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Is a home seller hiding information from you?

On Behalf of | Jul 19, 2021 | Uncategorized

The cost of building a new home is out of reach for many people, especially with the recent economic crisis. You may be among those who prefer a brand new home because it means not having to deal with the issues a previous owner may leave behind. However, in most states, the law requires sellers to disclose certain facts about their homes to give buyers a chance to make informed decisions about their purchase. 

Sellers have a difficult decision to make. By revealing the defects in the home, sellers run the risk of not getting the price they want. On the other hand, withholding information about defects of which they are aware is a violation of state law. You have the right to decide whether you are willing to purchase the house with its problems, negotiate for a lower price or walk away from the deal. 

What the seller must tell you 

A seller disclosure is a statement you should receive at some point after you make an offer on the property. There are some exceptions, such as if you are buying a home in which no one has ever lived, a home that is in foreclosure or a building you intend to demolish.  

In Maryland, the seller also has the option of offering the property “as is,” which means the seller does not have to provide you with a disclosure statement or make any guarantees about the condition of the property beyond what is included in the sales contract. This may raise your suspicions, however, and cause you to wonder why the seller chooses not to reveal information about the home. Aside from an as-is sale, though, a seller should provide a form that indicates actual knowledge of the home’s elements, including:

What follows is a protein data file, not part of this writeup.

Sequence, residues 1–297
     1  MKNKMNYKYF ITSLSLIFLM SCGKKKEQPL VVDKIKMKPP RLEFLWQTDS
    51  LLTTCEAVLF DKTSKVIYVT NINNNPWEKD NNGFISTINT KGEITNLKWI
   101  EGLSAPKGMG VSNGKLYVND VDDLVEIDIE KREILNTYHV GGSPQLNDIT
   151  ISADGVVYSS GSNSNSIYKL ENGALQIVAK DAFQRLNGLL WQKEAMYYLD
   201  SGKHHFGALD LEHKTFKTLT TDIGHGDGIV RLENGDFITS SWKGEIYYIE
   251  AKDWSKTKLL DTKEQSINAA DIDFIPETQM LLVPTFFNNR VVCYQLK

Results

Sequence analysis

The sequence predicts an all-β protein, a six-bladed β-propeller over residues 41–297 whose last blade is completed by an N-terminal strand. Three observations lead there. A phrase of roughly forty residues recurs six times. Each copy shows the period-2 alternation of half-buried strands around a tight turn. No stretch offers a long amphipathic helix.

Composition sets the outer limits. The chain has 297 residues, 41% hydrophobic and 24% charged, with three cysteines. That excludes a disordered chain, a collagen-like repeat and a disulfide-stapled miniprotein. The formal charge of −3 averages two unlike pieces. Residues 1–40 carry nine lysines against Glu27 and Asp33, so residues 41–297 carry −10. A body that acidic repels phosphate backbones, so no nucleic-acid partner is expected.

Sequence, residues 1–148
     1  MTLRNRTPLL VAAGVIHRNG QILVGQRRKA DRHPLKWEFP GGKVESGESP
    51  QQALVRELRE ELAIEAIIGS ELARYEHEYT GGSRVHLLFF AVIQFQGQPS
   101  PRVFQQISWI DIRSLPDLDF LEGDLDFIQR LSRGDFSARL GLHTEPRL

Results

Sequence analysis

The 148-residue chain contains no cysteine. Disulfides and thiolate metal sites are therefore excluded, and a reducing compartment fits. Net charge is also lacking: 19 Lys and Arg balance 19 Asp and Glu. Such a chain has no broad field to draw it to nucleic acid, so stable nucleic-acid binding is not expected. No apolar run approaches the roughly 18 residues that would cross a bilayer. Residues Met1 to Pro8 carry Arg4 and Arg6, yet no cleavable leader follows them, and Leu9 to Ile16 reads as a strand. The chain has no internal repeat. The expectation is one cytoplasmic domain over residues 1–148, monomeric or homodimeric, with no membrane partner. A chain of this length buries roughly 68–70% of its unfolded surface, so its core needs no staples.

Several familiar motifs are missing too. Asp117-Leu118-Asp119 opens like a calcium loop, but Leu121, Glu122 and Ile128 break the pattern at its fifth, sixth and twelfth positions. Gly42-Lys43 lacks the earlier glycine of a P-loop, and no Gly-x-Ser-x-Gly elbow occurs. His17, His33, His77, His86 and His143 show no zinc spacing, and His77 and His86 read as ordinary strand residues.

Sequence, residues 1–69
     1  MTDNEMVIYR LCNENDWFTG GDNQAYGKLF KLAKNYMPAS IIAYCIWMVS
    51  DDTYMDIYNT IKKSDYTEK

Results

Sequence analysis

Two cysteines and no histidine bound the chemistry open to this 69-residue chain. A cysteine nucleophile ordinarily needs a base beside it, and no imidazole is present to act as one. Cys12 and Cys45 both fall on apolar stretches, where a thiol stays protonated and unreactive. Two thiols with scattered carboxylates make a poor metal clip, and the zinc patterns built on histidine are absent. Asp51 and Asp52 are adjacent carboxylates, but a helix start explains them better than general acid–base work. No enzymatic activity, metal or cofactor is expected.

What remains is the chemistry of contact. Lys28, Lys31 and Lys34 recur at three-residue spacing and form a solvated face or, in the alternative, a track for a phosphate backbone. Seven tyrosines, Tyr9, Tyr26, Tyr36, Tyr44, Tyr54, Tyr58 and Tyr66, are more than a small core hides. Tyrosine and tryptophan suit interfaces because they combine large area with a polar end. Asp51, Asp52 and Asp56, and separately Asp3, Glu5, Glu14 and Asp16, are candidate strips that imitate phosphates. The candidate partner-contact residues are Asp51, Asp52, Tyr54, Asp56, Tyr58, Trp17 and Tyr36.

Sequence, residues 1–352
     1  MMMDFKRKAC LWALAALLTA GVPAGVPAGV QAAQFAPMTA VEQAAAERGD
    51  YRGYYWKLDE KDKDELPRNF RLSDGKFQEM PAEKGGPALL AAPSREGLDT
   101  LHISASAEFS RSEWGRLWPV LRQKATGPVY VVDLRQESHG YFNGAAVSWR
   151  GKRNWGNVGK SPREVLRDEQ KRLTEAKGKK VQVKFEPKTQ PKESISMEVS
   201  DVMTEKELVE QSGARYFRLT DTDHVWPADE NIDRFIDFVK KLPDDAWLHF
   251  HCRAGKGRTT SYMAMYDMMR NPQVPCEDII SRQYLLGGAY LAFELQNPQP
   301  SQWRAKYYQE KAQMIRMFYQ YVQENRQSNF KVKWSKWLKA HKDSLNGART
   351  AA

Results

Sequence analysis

• Foundation settlement 
  • Leaks or moisture in the roof or basement 
  • Defects in the walls or floors 
  • Plumbing, electrical, heating or air conditioning problems 
  • The condition of the septic system and water supply 
  • Evidence of termites or other pests 
  • The presence of asbestos, radon, lead paint or other hazards 
  • Zoning or land use violations, easements, or other property issues 
  • Flooding or problems with standing water after rain 
  • HOA restrictions 
  • Other defects that materially affect the condition or use of the property 

These disclosures are not the same as a home inspection, and obtaining an inspection is a step you should not skip no matter how thorough your seller’s disclosure may be. Nevertheless, if the previous owner fails to disclose material defects in the home that leave you with costly repairs or a home that is unlivable, you may have cause to seek redress through the civil courts.